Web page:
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Posted on: June 13, 2013

Strangulation Program Honored with NACo Award

PHOENIX, AZ (June 13, 2013) – The National Association of Counties (NACo) has recognized Maricopa County with a 2013 Achievement Award in the category of Criminal Justice and Public Safety for a program that has led to dramatic improvements in the ability to prosecute non-fatal strangulation cases. Developed by the Maricopa County Attorney’s Office in partnership with local law enforcement agencies and Scottsdale Healthcare, the strangulation program uses advanced investigatory techniques to obtain the critical evidence needed to support criminal charges against suspects who in the past would likely have been released. Since launching the program, the County Attorney’s Office has more than quadrupled the prosecution rate of cases involving an allegation of strangulation.

“The NACo award is a great honor that underscores the successful approach to prosecuting strangulation cases that we have developed with Scottsdale Healthcare and our law enforcement partners,” remarked Maricopa County Attorney Bill Montgomery. “Research shows that women who experience strangulation are up to seven times more likely to become victims of homicide. We believe this program can serve as a national model for addressing a serious crime perpetrated by abusers who have traditionally been very hard to prosecute,” he added.

Domestic violence incidents account for the single largest category of service calls to police agencies. In Maricopa County last year, more than 1,500 domestic violence calls for police service involved allegations of strangulation.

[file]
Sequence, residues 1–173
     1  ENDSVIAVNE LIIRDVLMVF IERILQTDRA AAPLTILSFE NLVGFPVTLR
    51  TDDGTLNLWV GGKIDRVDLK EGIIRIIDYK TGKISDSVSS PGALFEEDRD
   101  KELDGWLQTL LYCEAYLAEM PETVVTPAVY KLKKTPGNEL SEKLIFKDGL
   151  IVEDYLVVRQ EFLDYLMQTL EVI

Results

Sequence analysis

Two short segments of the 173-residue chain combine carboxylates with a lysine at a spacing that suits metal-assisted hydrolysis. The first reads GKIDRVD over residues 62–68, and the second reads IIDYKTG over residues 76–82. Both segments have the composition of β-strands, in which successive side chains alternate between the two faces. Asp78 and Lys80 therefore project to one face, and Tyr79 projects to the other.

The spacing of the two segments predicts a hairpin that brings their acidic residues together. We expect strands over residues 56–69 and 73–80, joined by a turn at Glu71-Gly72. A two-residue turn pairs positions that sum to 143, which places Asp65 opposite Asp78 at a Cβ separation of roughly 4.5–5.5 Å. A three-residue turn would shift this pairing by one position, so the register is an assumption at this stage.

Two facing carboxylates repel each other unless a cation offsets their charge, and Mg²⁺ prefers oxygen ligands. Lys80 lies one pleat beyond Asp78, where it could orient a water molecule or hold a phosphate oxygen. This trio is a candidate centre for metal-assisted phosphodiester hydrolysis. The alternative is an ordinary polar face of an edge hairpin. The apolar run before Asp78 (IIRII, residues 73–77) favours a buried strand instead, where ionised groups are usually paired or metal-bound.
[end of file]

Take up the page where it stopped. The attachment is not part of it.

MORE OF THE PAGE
Up to half of all female victims of domestic violence are strangled at least once in their lifetime, and one quarter of all females murdered by men are killed by strangulation or smothering. Yet allegations of strangulation have traditionally been difficult to prove beyond a reasonable doubt, due to a lack of visible injuries on the victim or other corroborating evidence.

To address these challenges, the County Attorney’s Office partnered with Scottsdale Healthcare and the Glendale and Chandler Police departments to launch the Domestic Violence Strangulation Project in December, 2011. Under the multi-disciplinary approach that was developed through the partnership, police and first responders transport domestic violence victims to hospitals and family advocacy centers throughout Maricopa County where Forensic Nurse Examiners from Scottsdale Healthcare perform specialized medical-forensic examinations and collect evidence including advanced photographic documentation, DNA and other physical evidence. Nurse Examiners also provide expert witness testimony in court, allowing cases to proceed even if the victim is unwilling or unable to testify. An extensive training effort has been implemented to teach law enforcement officers in other agencies how to recognize and respond to strangulation incidents.

A review of cases involving allegations of strangulation submitted to the County Attorney’s Office over a six month period in 2011 revealed that 90% were turned down for prosecution due to lack of corroboration. By contrast, during the initial three month pilot phase of the strangulation program, more than 60% of submittals were filed for prosecution using written reports, photographs and other evidence collected by Scottsdale Healthcare’s Forensic Nurse Examiners. Of all the cases reviewed since the program was launched to date, more than 38% have resulted in sentences ranging from three months in jail to prison terms of up to eight years.


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